PM implies he's left of Rabin on Palestinian statehood

At Knesset ceremony for slain leader, Netanyahu points out that no predecessor froze settlement construction.

netanyahu flag 311 (photo credit: AP)
netanyahu flag 311
(photo credit: AP)
Former prime minister Yitzhak Rabin opposed creating a Palestinian state, relinquishing the Jordan Valley, dividing Jerusalem, evacuating settlements and freezing natural growth in Judea and Samaria, Prime Minister Binyamin Netanyahu said in a speech Wednesday at a Knesset ceremony marking the fifteenth anniversary of Rabin’s assassination.
Netanyahu’s associates said the speech was aimed at Labor Party ministers who have criticized him for not going far enough to advance negotiations with the Palestinian Authority and who have threatened to leave the government.
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The prime minister quoted extensively from the last speech Rabin delivered at the Knesset in October 1995, a month before he was gunned down.
“We would like this to be an entity which is less than a state, and which will independently run the lives of the Palestinians under its authority,” said Rabin, as quoted by Netanyahu. “The borders of the State of Israel, during the permanent solution, will be beyond the lines which existed before the Six Day War. We will not return to the 4 June, 1967 lines. The security border of the State of Israel will be located in the Jordan Valley, in the broadest meaning of that term.
“Jerusalem would be united as the capital of Israel under Israeli sovereignty and will include both Ma’ale Adumim and Givat Ze’ev,” Netanyahu said Rabin had added. “We came to an agreement, and committed ourselves before the Knesset, not to uproot a single settlement in the framework of the interim agreement, and not to hinder building for natural growth.”
Speaking for himself now, Netanyahu noted that, unlike Rabin, who refused to freeze settlement construction, he had instituted an unprecedented temporary moratorium. He said Rabin’s words were an additional confirmation of this observation.
“Construction in existing communities in Judea and Samaria does not contradict the aspiration for peace and an agreement,” he said.
Netanyahu also pointed out that while Rabin spoke of “less than a state” for the Palestinians, he was advocating “a demilitarized state” as long as it recognized the state of the Jewish people.
Knesset Speaker Reuven Rivlin also focused his speech on what he said were Rabin’s hawkish views relative to the opinions of the Left today. He too quoted from Rabin’s speeches to emphasize the former prime minister’s opposition to dividing Jerusalem and recalled that Rabin had commanded the forces which liberated the city.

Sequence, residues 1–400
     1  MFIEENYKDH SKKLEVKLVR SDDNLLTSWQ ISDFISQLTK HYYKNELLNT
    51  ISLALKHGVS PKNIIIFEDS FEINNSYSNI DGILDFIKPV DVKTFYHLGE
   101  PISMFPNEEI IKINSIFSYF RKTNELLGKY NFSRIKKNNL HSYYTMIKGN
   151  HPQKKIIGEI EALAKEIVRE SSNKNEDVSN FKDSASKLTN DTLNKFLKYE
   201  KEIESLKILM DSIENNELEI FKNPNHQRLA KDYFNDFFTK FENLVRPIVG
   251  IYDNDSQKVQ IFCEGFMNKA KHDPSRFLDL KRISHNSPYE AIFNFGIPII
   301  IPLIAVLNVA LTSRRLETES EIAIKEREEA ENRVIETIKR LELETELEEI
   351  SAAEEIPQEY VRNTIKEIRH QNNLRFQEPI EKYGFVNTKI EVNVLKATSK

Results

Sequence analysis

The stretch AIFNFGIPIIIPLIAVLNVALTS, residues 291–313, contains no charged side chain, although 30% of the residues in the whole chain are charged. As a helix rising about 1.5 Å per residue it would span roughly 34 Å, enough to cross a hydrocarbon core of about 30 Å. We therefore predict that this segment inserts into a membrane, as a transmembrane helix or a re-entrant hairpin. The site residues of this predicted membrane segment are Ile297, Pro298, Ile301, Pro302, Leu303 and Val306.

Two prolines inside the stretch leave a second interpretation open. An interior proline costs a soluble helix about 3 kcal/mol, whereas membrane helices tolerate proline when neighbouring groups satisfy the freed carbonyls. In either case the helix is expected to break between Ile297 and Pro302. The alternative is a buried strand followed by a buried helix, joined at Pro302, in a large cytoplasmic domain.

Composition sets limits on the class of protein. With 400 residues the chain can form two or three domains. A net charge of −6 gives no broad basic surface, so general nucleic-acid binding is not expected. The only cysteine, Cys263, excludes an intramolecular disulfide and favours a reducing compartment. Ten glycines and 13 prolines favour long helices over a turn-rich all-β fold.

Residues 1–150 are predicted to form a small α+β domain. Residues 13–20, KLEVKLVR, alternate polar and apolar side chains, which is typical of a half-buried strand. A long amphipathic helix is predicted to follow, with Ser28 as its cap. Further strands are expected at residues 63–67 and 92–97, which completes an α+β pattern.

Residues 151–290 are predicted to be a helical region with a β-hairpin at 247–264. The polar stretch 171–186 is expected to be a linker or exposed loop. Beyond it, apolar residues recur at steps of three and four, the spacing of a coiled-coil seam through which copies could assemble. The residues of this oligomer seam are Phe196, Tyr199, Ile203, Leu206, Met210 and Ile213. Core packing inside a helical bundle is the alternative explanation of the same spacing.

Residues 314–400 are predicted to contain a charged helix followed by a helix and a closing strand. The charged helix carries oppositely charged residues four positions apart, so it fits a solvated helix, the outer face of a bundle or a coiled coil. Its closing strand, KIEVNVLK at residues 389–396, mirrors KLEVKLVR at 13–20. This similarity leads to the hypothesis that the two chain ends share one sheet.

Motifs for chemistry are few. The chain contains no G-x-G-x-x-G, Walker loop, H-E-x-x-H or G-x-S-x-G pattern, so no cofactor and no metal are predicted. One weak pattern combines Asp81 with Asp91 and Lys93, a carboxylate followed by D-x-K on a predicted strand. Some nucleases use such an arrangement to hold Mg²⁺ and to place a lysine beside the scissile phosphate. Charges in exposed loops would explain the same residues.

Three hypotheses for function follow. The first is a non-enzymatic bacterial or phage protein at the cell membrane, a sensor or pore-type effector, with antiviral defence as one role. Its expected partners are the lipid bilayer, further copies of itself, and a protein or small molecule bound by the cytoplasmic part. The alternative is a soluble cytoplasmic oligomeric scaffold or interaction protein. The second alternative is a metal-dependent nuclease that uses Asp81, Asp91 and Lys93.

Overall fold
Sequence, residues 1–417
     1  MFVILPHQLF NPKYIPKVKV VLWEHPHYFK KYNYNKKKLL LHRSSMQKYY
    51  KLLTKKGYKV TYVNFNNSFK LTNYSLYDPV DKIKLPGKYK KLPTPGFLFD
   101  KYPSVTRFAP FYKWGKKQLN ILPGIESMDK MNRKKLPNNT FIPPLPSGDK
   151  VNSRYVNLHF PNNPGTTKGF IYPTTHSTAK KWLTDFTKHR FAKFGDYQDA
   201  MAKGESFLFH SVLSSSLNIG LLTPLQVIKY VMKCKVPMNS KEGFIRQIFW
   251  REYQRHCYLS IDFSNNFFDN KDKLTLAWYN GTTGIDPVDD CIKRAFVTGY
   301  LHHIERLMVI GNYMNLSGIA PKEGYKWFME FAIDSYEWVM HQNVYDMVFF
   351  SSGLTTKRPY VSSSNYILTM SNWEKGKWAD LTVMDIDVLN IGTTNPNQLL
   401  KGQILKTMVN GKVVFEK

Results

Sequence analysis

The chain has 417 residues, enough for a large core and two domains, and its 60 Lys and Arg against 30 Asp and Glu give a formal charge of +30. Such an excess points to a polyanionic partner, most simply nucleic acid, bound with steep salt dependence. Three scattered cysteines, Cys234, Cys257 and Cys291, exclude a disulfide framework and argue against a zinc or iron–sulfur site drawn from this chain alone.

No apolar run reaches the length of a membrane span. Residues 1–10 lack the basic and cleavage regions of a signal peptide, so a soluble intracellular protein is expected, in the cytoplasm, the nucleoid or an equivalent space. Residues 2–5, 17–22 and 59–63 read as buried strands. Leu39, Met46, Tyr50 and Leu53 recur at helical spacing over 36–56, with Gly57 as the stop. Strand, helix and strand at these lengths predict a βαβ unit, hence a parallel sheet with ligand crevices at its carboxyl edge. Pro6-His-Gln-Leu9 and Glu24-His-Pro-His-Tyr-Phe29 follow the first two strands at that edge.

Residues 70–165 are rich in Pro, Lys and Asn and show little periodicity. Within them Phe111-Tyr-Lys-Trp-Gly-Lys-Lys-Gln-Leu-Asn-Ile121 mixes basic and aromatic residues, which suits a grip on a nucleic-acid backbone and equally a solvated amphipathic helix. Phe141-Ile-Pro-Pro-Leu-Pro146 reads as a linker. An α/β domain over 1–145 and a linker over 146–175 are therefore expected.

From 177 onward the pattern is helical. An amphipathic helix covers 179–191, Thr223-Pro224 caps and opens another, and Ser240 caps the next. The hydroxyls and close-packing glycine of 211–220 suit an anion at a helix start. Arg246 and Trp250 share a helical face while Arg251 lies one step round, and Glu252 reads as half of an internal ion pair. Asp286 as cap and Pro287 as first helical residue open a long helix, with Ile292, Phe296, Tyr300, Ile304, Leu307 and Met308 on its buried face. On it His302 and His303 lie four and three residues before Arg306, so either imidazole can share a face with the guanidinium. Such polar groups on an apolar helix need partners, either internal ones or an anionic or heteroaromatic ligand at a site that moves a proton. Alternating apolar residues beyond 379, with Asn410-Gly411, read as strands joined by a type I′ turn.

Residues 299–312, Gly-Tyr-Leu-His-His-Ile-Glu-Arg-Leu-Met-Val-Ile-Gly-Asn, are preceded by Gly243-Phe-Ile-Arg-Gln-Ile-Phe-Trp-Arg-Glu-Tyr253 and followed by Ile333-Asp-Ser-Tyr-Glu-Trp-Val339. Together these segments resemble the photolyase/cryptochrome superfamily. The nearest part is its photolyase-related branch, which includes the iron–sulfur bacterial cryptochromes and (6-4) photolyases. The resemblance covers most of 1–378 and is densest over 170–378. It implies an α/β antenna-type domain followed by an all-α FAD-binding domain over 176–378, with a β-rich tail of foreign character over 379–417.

“We have to remember the abandoned legacy of Rabin that has been forgotten,” Rivlin said.
“This is the importance of keeping Jerusalem as the united capital of Israel.”
Quoting from Rabin’s first Knesset speech after returning to the Prime Minister’s Office in 1992, Rivlin said: “Jerusalem is the object of longing of the entire Jewish people. We have disputes between Right and Left.
But we have no dispute over the need for Jerusalem to remain the united eternal capital of the Jewish people.”
On the other side of the political map, opposition leader Tzipi Livni and Labor chairman Ehud Barak expressed more traditional views about Rabin as a peacemaker.
“Rabin was murdered because he understood what was necessary for his people long before the people knew,” Livni said.
Barak added that “Peace is something that must be made, not just talked about or prayed for.”
The Rabin memorial ceremony at the Knesset was boycotted by National Union MK Michael Ben- Ari on the Right and the three Arab MKs from Balad.
Earlier Wednesday, in a speech at Rabin’s grave site on Mount Herzl, Netanyahu suggested that despite the ongoing divide over Rabin’s legacy, Israelis were more united now than they were at the time of the assassination.
“The major change that has occurred for the better occurred within our ranks, within the people of Israel,” Netanyahu said.
“Today, we are no longer divided into two opposing camps, each of which was convinced that it was entirely right and just, and were it not for them, the country would be destroyed and disaster would be brought upon it.
“There is a good deal less shouting and animosity,” he added. “We listen to each other more; our positions have grown closer together; the gaps have narrowed. One part of the country recognized that it is impossible to exist for long without a political arrangement and without compromise. And the other part today understands that it is not alone in seeking peace; it has learned that Israel does not stand on the verge of an apocalyptic vision; that not everything is in our hands.”